With your expenses defined for your ideal future lifestyle, you need to make sure that you take into account any inflationary effects. The cost of living increases every year and you need to factor this into your expense estimations. The EFILYM application does this automatically and you can adjust the inflation rate and see the impacts instantly which is really helpful to see if your plan is highly sensitive to inflation or not. With the inflation rate applied, you will have a good estimate for your future expenses, for any year in the future. Now you can apply the 4% rule. By multiplying your future expenses for each year by 25, this will give you your target savings value that you should aim for to be financially independent for that year. Of course, the further away the year, the higher the accumulated inflation so the bigger the number you have to achieve, BUT also it gives you more time to save and accumulate that net worth value.
Build your net worth value
So now you have an idea on how much money you need to save to be financially independent, how do you actually go about doing it?
It’s not rocket science. I define 3 key habits that have to be part of your daily life to achieve in order to be able to build your net worth to the required value.
- Earn the money:
- For most people, this means getting a job and doing your best to earn as much as possible (through promotions, salary increases over time, etc). You can also establish or undertake side activities/hustles to bring in additional income.
- Live below your means and save:
- No matter how much you earn, make sure you save some. Start with 10%, move to 15%, then 20% etc. The more you save this quicker you get to financial independence. For example, if you can save 50% of your income, then for each year worked, you have earned enough money for 2 years’ expenses (1 year that goes into savings and the 1 year you just worked). In an extreme case (Yes, there are some people that can do this) by saving 75% of your income, you earn enough money for 4 years living expenses in one year).
- Look to reduce your expenses in order to boost your savings rate. There are millions of ideas out there to save money on daily expenses. Start with your biggest expenses (normally Housing, Travel, & Food) first. Generally starting to track your expenses and knowing where your money goes is already a big step forward to be able to master your financial situation and improve it.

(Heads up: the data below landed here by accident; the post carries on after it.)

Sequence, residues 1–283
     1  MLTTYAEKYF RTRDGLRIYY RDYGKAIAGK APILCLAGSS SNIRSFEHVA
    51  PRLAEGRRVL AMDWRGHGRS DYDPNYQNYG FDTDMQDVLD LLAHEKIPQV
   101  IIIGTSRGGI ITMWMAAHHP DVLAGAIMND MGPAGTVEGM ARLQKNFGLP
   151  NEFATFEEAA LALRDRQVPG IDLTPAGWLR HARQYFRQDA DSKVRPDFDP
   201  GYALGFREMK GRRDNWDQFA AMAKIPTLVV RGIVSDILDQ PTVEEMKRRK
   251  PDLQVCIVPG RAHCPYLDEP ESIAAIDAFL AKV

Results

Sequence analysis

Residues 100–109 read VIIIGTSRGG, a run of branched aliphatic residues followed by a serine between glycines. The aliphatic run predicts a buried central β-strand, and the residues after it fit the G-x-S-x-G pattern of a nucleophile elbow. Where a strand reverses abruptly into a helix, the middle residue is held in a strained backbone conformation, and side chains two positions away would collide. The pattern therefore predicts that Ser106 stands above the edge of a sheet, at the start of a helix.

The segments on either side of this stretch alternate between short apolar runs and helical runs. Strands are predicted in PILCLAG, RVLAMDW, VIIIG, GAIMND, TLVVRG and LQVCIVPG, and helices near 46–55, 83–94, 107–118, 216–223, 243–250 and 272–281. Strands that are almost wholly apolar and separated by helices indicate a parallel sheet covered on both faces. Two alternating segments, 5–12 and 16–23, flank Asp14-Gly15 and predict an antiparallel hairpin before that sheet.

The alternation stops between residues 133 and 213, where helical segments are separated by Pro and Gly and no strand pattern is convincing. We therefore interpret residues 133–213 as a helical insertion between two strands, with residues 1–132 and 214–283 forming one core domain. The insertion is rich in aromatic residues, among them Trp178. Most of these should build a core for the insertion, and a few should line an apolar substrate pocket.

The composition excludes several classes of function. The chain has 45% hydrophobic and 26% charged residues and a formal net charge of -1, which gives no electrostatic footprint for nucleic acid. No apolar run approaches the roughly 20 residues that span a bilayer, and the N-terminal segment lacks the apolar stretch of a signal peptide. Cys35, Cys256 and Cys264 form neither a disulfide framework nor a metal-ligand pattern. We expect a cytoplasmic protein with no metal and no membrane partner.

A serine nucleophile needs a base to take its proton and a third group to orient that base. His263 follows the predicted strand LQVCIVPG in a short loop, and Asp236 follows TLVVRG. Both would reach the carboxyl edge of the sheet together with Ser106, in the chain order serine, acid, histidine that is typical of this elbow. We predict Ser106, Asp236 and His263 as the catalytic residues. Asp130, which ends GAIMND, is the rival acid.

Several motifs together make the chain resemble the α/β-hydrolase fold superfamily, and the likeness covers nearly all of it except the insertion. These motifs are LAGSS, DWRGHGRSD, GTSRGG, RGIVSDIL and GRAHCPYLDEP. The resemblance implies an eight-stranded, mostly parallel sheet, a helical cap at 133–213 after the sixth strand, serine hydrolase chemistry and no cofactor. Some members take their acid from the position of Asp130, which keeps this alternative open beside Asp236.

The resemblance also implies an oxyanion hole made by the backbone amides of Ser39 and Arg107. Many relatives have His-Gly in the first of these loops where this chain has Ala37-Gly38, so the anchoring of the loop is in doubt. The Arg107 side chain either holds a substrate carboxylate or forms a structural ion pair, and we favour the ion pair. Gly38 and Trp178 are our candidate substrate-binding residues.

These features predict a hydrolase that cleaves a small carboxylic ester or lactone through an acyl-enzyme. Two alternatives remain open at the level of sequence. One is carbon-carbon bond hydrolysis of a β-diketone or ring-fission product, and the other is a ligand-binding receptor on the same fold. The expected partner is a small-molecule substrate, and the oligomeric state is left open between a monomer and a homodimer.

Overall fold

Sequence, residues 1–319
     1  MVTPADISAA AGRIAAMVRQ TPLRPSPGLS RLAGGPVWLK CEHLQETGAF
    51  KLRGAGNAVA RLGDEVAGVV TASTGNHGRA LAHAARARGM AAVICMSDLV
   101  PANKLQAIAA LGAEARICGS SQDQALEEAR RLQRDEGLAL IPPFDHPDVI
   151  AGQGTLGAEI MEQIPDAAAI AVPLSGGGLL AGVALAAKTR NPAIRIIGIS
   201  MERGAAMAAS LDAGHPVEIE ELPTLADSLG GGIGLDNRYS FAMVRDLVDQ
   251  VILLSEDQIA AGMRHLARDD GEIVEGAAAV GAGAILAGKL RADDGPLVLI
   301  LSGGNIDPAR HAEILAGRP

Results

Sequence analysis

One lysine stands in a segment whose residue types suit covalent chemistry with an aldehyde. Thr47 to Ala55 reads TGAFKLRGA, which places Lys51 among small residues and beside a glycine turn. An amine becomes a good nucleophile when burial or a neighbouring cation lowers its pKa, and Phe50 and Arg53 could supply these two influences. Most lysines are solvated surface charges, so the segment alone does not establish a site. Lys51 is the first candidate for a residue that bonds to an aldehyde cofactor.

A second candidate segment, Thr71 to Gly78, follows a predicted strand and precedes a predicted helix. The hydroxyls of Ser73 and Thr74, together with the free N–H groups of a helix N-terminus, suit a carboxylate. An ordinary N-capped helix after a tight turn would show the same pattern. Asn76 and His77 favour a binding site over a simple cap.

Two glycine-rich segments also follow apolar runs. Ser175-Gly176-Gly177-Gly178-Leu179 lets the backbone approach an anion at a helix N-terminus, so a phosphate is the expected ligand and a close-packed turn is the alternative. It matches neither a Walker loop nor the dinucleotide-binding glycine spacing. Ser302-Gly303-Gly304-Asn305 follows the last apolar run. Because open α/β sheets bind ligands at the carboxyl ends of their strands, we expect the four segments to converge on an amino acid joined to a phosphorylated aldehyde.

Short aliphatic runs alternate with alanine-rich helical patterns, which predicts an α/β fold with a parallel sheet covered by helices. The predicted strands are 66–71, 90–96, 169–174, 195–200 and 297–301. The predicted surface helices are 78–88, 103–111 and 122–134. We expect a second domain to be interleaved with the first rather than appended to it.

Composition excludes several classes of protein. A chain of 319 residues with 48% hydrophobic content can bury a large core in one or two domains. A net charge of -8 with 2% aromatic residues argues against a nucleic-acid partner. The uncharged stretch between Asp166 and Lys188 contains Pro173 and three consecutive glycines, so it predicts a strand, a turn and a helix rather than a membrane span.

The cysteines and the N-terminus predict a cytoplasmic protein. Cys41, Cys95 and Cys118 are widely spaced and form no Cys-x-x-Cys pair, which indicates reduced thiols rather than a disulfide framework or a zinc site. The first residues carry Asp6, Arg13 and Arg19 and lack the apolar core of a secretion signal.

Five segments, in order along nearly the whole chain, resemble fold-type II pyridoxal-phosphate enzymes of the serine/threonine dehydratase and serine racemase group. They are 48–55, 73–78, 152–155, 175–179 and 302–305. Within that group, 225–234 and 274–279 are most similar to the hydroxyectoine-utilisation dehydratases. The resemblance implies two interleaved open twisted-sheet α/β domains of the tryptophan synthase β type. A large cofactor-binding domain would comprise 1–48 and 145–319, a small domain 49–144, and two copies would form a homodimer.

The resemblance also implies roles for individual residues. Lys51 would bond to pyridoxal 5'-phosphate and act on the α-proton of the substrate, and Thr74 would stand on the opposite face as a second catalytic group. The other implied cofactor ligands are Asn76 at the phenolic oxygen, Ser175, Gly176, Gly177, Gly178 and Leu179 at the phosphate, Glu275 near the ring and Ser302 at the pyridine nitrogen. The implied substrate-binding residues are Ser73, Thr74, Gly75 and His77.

- Invest and grow your money:
- Just putting your saved money in the bank will not increase its value much over time (even if it’s still better than nothing). Look for investments that suit your personality to help you generate passive income sources. It could be rental properties, shares & stocks, Index Funds. Make sure you seek advice from a professional as each type of investment carries its possible gains, but also an associated risk. You need to fully understand what you are getting into before making any decisions about what type of investments will support your plan.
If your starting position is one of having debt then whether you pay off your debt first, or invest your savings as the first priority, will depend not only on the growth rate you could get from your investments but also how much interest you are paying on your debt. If your debt includes a mortgage (which it does for most people) then paying this back as quickly as possible is a way of eliminating debt and investing at the same time.
My personal preference would be to pay off all debt first before investing too much, as psychologically having no debt can be a big confidence booster, but each person should do what suits them best.
As you project into the future your possible direct incomes, and your passive incomes associated with your investments (done automatically by the EFILYM application) you will be able to determine how long it will take you to reach your net worth value target number for financial independence.